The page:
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September 23, 2020
What I'm Listening To: Music Recommendations for Global Minds
By Brian Heaton
AnybodyListening.net's focus is on Queensryche, primarily the band's original lineup and its music. But periodically, I'll blog about other artists. Specifically, albums and live shows from bands that I'm digging and think fellow Rychers will enjoy too.
10 Years – Violent Allies
10 Years' new album, Violent Allies, is rooted in progressive and alternative metal, infusing crushing metal riffs with lush melodies, providing an accessible, yet punishing musical landscape. The Knoxville, Tenn.-based group has been around for over 20 years, but their music always sounds inspired, and their new record is no exception.
Violent Allies takes the pop sensibilities of their 10 Years' last record, 2017's (How to Live) As Ghosts, but re-emphasizes the band's moodier, heavier side. The result is a great balance of the group's musical strengths, without sounding like they compromised on them. That's not to say vocalist Jesse Hasek and guitarists Brian Vodinh and Matt Wantland have sat on their laurels—far from it. They've experimented with leaner song structures, with most of the album's cuts clocking in around three minutes. The catch is, they've trimmed the fat without losing the band's musical integrity.
The first single, “The Shift,” encapsulates the vibe of Violent Allies perfectly, with the heaviness prevalent throughout the track, but enough space to let the song, not to mention the listener, breathe. Other standout favorites are “Cut the Cord,” and “Sleep in the Fire,” but the record is tied together in parts with the instrumental segues “Planets III” and “Planets IV,” making Violent Allies a true album experience.
Recommended for: Fans of TOOL, Sevendust, Coheed and Cambria.
Unleash the Archers – Abyss
It's hard enough to write a concept record that captivates a listener, much less release a sequel that lives up to the original. But that's what Unleash the Archers has done with Abyss, their new album that follows the highly regarded Apex from 2017.
The tale of “The Immortal” continues, centuries later, and Unleash the Archers has deftly supplemented the power metal sound of Apex with well-placed synthesizers and darker seven-string rhythm guitars to help push forward both the story and the band's own sonic evolution.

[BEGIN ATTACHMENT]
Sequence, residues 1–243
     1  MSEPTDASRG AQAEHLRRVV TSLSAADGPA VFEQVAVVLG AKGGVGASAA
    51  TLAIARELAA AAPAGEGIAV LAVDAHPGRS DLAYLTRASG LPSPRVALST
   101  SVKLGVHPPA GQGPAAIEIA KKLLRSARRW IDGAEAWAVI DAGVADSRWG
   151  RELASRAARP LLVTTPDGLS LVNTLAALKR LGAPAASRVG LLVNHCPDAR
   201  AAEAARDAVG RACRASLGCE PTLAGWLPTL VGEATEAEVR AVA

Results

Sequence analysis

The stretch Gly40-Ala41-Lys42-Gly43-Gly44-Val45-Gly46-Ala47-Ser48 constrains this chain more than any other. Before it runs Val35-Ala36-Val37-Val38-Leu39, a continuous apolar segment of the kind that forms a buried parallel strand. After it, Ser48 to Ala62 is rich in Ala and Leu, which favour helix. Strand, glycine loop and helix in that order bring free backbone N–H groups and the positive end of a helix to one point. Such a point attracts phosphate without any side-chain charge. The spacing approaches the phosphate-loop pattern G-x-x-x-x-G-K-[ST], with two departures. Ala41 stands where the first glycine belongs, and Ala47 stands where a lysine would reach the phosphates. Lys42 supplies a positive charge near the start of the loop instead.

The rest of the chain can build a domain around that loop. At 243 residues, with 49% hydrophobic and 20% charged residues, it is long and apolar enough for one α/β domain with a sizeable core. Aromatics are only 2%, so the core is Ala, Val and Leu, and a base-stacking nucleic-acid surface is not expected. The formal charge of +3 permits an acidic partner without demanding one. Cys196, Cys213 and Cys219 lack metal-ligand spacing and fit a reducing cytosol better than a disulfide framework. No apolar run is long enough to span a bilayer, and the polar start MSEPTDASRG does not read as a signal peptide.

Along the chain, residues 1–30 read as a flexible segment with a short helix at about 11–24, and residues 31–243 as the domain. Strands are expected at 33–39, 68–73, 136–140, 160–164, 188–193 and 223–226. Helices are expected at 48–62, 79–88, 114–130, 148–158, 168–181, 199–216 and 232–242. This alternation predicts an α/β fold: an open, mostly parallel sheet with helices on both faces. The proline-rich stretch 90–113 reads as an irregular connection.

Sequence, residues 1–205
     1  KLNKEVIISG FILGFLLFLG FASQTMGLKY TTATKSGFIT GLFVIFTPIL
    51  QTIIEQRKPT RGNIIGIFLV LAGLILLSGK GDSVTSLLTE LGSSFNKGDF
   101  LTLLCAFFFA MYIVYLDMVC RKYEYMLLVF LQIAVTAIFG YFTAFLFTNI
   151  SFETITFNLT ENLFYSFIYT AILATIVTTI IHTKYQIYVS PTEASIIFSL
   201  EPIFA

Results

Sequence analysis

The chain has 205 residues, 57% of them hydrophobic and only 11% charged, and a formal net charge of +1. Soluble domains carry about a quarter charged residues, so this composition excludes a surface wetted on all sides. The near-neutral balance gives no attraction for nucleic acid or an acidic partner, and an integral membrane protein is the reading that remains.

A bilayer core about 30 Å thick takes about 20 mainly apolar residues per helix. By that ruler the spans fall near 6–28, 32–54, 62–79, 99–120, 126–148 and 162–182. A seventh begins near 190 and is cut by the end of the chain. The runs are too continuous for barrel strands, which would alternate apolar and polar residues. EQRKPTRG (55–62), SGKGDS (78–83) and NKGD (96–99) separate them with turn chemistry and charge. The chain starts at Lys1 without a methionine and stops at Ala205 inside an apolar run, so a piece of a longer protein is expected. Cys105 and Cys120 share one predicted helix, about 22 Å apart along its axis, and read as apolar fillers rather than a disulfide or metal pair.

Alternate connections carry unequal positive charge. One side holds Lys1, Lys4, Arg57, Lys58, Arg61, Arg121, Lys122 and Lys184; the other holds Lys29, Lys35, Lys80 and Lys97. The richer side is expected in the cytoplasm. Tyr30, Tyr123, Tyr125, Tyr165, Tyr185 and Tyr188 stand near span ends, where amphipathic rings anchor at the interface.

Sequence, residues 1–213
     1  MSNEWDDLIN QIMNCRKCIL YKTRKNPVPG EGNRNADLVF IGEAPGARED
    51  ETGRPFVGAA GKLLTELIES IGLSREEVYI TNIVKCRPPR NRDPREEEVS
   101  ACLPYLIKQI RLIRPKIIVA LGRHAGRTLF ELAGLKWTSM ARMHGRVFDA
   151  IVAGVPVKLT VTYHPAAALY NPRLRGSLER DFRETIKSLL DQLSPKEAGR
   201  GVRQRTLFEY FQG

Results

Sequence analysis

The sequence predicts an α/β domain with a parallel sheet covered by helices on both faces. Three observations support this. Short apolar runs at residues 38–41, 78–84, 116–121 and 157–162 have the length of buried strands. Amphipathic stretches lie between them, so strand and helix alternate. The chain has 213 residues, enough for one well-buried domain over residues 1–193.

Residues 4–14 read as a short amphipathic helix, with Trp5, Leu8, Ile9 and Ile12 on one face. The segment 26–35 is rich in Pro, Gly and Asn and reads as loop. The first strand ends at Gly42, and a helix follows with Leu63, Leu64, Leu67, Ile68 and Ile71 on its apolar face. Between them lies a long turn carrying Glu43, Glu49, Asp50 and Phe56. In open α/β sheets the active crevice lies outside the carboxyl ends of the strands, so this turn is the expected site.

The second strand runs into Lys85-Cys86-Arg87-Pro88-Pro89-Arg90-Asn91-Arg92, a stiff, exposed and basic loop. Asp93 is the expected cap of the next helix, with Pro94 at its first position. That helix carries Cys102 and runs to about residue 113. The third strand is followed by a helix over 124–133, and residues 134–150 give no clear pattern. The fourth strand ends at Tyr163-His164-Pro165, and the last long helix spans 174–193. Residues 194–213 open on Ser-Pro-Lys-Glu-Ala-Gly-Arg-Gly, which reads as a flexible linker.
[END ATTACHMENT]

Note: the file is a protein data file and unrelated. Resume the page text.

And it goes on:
I won't ruin the storyline, but Abyss is just as adventurous as Apex, with “The Matriarch” again serving as the antagonist. Musically, however, Unleash the Archers continue to amaze with the soaring vocals of Brittney Slayes, the powerhouse drumming of Scott Buchanan and the twin guitar attack of Grant Truesdell and Andrew Kingsley. The latter two are really gelling as a unit and showing differing skills that compliment one another and heighten the music, much like legendary tandems of Dave Murray and Adrian Smith (Iron Maiden), Glenn Tipton and K.K. Downing (Judas Priest), Chris DeGarmo and Michael Wilton (Queensryche), and more recently, Mark Tremonti and Myles Kennedy (Alter Bridge).
I'd be remiss not talking about Slayes' vocals, however. Sure, she has range for days, and any fan of power metal will dig her hitting those stratospheric notes. But it's the toughness, character and depth of her voice that really gives Unleash the Archers an edge on their contemporaries. Particularly on Abyss, as the songs are more diverse, giving Brittney the ability to showcase how dynamic her voice is.
While Abyss is a concept record, and part two of a larger story, there are standout songs throughout the album. Of note is the title track, the ripping “Soulbound” and the epic “The Wind That Shapes the Land.” That said, I'd encourage people not to cherry pick. Queue up Apex and Abyss back-to-back and listen to the entire adventure. It's a great ride that Unleash the Archers should be immensely proud of.
Recommended for: Fans of power metal, Helloween, early Queensryche.